I heard a radio interview with a Charismatic woman pastor. She was asked how she got her sermons up? She replied, “I don’t get ’em up, I get ’em down. God delivers them to me.” That’s an all too familiar thing. I can promise you that God has never delivered one to me. I haven’t gotten them down. I’ve had to ’em up. Some people even believe it’s unspiritual to study. After all, some say, taking another verse out of context, didn’t Jesus say, “For the Holy Spirit will teach you and that very hour what you want to say,” so you just go into the pulpit and whatever comes into your mind, you say? And that’s why they invent their theology as they speak because they have no idea what’s going to be said until they hear it. We should be greatly concerned about this ad lib approach. You never ever make a point true or false at the price of a proper interpretation. Otherwise, you are the final authority and not the Word of God.
Secondly, don’t spiritualize or allegorize the text. Some people think the Bible is a fable to teach whatever you wanna get across. A myriad of illustrations of this. I remember back when Jerry Mitchell was on our staff and a young couple came into him for counseling, marriage counseling. He began to talk with them and after about 30 minutes, he said he’d been married only six months and you’re already on the edge of a divorce? Why did you ever get married? You’re miles apart. “Oh,” said the husband, “it was a sermon the pastor preached in our church.” “What was the sermon?” “Well, he preached on the walls of Jericho.” “Jericho? What does that have to do with marriage?” “Well,” he said, “God’s people claimed the city marched around it seven times and the walls fell down.” And he said, “If a young man believed God had given him a certain girl, he could claim her, march around her seven times and the walls of her hear would fall down. That’s what I did and we got married.” “That can’t be true,” he said. “You’re kidding, aren’t you?” I remember him sayin’ that. “You gotta be kidding.” “No, it’s true. And there were many other couples that got married because of the same sermon.” Some people believe their marriages were made in Heaven. That was made in an allegory and a bad one at that. That’s the kind of interpretation that has gone on since the early days of the church, continues today, especially in the Charismatic movement.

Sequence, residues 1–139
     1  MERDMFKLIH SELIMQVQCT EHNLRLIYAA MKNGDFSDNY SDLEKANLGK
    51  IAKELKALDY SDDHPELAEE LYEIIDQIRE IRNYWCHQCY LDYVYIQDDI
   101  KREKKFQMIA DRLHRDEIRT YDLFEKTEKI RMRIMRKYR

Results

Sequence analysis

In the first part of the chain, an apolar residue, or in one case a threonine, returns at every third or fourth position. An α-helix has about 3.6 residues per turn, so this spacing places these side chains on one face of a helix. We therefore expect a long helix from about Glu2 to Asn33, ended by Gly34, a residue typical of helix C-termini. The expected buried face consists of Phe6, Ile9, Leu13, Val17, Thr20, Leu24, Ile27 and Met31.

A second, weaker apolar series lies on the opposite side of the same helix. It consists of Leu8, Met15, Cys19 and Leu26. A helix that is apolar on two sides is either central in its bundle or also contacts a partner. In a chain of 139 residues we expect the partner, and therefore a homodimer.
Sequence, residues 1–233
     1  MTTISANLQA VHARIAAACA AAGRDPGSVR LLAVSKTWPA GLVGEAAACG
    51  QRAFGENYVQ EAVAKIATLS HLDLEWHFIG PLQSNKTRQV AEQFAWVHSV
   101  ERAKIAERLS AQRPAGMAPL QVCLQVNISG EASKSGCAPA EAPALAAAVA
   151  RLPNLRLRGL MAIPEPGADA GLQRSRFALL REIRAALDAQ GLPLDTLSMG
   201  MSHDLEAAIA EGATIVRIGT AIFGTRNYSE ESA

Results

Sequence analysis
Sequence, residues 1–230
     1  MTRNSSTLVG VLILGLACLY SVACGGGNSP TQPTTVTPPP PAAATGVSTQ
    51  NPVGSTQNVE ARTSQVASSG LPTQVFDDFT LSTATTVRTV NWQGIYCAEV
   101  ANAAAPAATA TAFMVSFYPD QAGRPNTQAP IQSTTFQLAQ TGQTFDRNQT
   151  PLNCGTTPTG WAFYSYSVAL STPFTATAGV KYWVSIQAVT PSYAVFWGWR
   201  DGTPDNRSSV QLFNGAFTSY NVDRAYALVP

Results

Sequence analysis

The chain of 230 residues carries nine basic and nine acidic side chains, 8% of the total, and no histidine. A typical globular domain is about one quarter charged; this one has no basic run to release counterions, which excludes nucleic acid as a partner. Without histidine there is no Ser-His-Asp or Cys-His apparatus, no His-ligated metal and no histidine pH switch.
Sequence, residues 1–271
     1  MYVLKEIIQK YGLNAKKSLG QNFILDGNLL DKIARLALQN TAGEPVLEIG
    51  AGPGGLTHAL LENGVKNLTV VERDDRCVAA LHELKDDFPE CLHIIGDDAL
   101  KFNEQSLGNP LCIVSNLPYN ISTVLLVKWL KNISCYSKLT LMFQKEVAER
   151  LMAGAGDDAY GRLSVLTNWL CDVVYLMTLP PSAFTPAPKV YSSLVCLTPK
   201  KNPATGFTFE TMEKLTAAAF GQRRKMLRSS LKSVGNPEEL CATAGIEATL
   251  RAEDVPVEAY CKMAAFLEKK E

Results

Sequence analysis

Remember listening to a series on the book of Nehemiah. The whole purpose of the book of Nehemiah by this Charismatic preacher was to teach Charismatic doctrine. Jerusalem’s walls were in ruin and that was representative of the broken down walls of human personality. Nehemiah was the Holy Spirit, the king’s pool was the baptism of the Holy Spirit and the mortar between the bricks was tongues. And what Nehemiah’s teaching is the Holy Spirit wants to come rebuild your broken walls through the baptism of the Holy Spirit and speaking in tongues. I had an opportunity to talk to that preacher about that and we had an interesting conversation. I tried to show him that that was nothing but the invention of his own imagination, read from the New Testament back into the Old, but never the intention of Nehemiah, to which he agreed. That kind of preaching is a form of hucksterism, and as I said, “You may come up with the truth that you teach, but if you spiritualize the text to do it, then you legitimize spiritualization of any text which leaves you with any fanciful conclusion.”
Well, the correct approach you probably need to go to Jesus and remember that when He was walking on the road to Emmaus, He said, Luke did, the beginning with Moses and with all the prophets, He explained to them the things concerning Himself in the Scriptures. The Word explained is hermeneual from which we get hermeneutics. He carefully interpreted the Old Testament. He used hermeneutics. He’s a model of a teacher, used sound interpretive methods.
So, when we teach the Word of God, when we come to the conclusions that we come to, we wanna be certain that we don’t make severe errors, one, by making points at the price of proper interpretation, two, by somehow concocting or spiritualizing something that isn’t there, and three, and I’ve already talked about this, by superficial study. Superficial study is equally disastrous. But I’ve said enough about that not to have to say more. (Online source)